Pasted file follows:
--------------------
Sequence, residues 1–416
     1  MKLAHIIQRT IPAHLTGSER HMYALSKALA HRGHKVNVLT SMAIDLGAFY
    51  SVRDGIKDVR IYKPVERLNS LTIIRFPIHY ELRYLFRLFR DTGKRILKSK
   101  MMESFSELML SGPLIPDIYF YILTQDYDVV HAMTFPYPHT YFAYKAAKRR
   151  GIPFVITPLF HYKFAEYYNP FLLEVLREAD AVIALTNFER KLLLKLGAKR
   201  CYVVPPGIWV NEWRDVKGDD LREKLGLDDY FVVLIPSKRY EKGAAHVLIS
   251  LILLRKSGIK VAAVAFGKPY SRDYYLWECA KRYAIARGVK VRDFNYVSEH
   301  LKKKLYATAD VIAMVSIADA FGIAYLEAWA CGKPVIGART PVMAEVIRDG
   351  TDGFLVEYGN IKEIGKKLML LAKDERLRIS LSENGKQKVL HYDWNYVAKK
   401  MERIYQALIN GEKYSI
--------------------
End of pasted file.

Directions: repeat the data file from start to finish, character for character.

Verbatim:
Sequence, residues 1–416
     1  MKLAHIIQRT IPAHLTGSER HMYALSKALA HRGHKVNVLT SMAIDLGAFY
    51  SVRDGIKDVR IYKPVERLNS LTIIRFPIHY ELRYLFRLFR DTGKRILKSK
   101  MMESFSELML SGPLIPDIYF YILTQDYDVV HAMTFPYPHT YFAYKAAKRR
   151  GIPFVITPLF HYKFAEYYNP FLLEVLREAD AVIALTNFER KLLLKLGAKR
   201  CYVVPPGIWV NEWRDVKGDD LREKLGLDDY FVVLIPSKRY EKGAAHVLIS
   251  LILLRKSGIK VAAVAFGKPY SRDYYLWECA KRYAIARGVK VRDFNYVSEH
   301  LKKKLYATAD VIAMVSIADA FGIAYLEAWA CGKPVIGART PVMAEVIRDG
   351  TDGFLVEYGN IKEIGKKLML LAKDERLRIS LSENGKQKVL HYDWNYVAKK
   401  MERIYQALIN GEKYSI